This will further extend the contract signed in 2005, which included the appointment of a visiting NPL Strategic Research Fellow to work jointly between Surrey and NPL. The work undertaken under an umbrella Memorandum of Understanding is to exploit new and future technological advances in the area of Nano Probes and their application in metrological research. The initial grant enabled the state-of-the-art nano-fabrication facilities and expertise within Surrey to complement the unique talents of the Quantum Metrology Group at NPL in looking at next generation standards in this rapidly evolving field.
The recently announced grant, awarded for work on 'Advanced Nanofabrication Techniques', will allow Dr David Cox, the NPL Strategic Fellow at Surrey, to continue the highly successful programme for the fabrication of nano-electronic and mechanical devices with NPL colleagues. New nano-fabrication techniques are being developed to produce devices with a wide variety of applications. In some cases the work will lead to the development of new standards of measurement, such as the measurement of quantised electrical current conduction. In other areas new or improved devices for carrying out existing measurements will be created. An example of this is a new family of ultra low-noise superconducting quantum interference devices (SQUID) for measuring magnetic fields. These nanoSQUIDs have recently been shown to be the lowest noise devices of their type ever made, and will demonstrate the most sensitive magnetic measurements ever carried out at easily achievable temperatures.
Dr David Cox said: “This is a great opportunity to continue with truly exciting science in many different areas. In any one week I could be working in areas as diverse as superconductivity, nanomagnetism, nanomechanical resonators or even completely new areas of science.”
Professor Ravi Silva, Director of the Advanced Technology Institute and Director of the Nano-Electronics Centre at Surrey commented: “The work we have performed during the initial contract placed with Surrey over the last three years has been an unrivalled success. The ‘dream team’ of NPL and ATI scientists working together has allowed us to compete at the highest level, and also helped us leverage further funding. We are now looking at ways of extending this relationship further by working together on potential exploitation strategies.”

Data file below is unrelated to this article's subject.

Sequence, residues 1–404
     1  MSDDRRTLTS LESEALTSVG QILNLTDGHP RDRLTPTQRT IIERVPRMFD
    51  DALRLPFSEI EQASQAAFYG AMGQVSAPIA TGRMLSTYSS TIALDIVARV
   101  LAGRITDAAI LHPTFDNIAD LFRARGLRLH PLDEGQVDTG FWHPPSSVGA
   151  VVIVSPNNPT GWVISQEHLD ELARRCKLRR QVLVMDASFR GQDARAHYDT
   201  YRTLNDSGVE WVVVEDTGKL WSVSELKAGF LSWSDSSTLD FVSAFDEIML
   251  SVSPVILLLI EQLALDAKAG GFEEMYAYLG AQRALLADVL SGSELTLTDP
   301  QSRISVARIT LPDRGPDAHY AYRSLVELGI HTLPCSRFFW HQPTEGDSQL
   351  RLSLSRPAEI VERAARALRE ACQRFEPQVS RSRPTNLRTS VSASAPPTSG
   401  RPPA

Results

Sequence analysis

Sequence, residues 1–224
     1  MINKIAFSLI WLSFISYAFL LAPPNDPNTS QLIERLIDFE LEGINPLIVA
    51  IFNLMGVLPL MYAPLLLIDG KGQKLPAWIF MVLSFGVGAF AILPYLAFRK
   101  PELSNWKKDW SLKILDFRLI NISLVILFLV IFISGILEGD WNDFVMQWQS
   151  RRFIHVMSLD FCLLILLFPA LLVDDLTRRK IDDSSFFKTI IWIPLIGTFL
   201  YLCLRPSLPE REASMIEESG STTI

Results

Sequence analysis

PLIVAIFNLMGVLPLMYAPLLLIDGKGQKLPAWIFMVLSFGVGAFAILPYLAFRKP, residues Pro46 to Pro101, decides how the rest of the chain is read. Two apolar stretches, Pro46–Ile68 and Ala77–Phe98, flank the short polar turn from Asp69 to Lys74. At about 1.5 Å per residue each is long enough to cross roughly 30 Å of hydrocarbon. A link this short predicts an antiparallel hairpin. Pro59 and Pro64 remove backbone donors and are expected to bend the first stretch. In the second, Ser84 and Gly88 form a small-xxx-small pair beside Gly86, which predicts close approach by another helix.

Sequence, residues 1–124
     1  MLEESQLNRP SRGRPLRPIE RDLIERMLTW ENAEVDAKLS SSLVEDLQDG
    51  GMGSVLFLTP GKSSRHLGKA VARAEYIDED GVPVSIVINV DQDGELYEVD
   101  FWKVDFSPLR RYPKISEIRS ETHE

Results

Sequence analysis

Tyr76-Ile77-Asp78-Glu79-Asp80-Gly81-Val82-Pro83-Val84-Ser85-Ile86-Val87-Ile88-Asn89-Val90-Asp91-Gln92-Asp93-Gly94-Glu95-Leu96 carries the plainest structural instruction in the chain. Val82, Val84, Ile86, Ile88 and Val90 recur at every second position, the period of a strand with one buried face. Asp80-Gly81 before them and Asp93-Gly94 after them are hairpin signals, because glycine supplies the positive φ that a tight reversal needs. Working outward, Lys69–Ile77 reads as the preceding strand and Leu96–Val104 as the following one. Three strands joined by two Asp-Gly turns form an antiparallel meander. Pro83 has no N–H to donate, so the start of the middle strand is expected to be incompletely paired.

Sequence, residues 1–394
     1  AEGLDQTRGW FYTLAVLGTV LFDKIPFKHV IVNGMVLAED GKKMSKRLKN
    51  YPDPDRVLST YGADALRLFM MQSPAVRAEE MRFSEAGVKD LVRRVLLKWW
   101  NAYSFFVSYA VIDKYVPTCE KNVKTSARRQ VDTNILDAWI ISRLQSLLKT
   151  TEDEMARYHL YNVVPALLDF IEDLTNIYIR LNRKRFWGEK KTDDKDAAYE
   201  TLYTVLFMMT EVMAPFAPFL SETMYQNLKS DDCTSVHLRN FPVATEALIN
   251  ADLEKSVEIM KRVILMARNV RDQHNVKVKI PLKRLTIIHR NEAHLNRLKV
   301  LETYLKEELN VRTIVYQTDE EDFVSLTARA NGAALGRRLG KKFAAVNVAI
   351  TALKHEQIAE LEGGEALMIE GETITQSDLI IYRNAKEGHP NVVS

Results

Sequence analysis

Professor Kamal Hossain, Director of Research at NPL added: “We have always seen the value of working closely with academia on cutting edge research. Programmes such as these have helped catalyse much larger grants and mould research programmes of national importance. We are only interested in working with the very best scientists around the world, tackling some of the most challenging issues in research and society today”.
Nanotechnology and the exploitation of material and system properties in this length scale will be of huge significance to the industrial community. Materials and devices with nanometre dimensions (approximately one ten thousandth the diameter of a human hair) exhibit wonderful new properties, such as incredible strength or thermal and electrical conductivities, not seen in larger objects in our more familiar everyday world. It is expected to impact on society in general in the form of new products and services in the very near future in many diverse areas such as ultra-fast computing, advances in medical imaging and security applications. Nanotechnology promises to bring a revolution in terms of efficiency, cost reductions and to enhance manufacturing capabilities. The ATI at Surrey is one of the leading groups worldwide in exploiting material properties in the nanoscale to produce application specific devices with enhanced capabilities.